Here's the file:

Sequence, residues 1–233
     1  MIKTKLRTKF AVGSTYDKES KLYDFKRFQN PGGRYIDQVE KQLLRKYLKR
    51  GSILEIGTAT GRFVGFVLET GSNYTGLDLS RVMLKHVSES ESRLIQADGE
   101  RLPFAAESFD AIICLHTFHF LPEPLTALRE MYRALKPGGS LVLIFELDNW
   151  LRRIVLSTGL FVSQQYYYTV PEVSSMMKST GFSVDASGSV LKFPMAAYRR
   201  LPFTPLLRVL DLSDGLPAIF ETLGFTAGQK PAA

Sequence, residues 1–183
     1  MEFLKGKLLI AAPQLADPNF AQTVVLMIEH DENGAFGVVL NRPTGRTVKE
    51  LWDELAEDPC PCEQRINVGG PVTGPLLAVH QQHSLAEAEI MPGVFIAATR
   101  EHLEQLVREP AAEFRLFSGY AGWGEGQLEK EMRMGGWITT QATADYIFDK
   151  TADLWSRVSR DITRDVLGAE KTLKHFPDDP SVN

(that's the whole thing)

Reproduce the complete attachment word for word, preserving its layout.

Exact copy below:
Sequence, residues 1–233
     1  MIKTKLRTKF AVGSTYDKES KLYDFKRFQN PGGRYIDQVE KQLLRKYLKR
    51  GSILEIGTAT GRFVGFVLET GSNYTGLDLS RVMLKHVSES ESRLIQADGE
   101  RLPFAAESFD AIICLHTFHF LPEPLTALRE MYRALKPGGS LVLIFELDNW
   151  LRRIVLSTGL FVSQQYYYTV PEVSSMMKST GFSVDASGSV LKFPMAAYRR
   201  LPFTPLLRVL DLSDGLPAIF ETLGFTAGQK PAA

Sequence, residues 1–183
     1  MEFLKGKLLI AAPQLADPNF AQTVVLMIEH DENGAFGVVL NRPTGRTVKE
    51  LWDELAEDPC PCEQRINVGG PVTGPLLAVH QQHSLAEAEI MPGVFIAATR
   101  EHLEQLVREP AAEFRLFSGY AGWGEGQLEK EMRMGGWITT QATADYIFDK
   151  TADLWSRVSR DITRDVLGAE KTLKHFPDDP SVN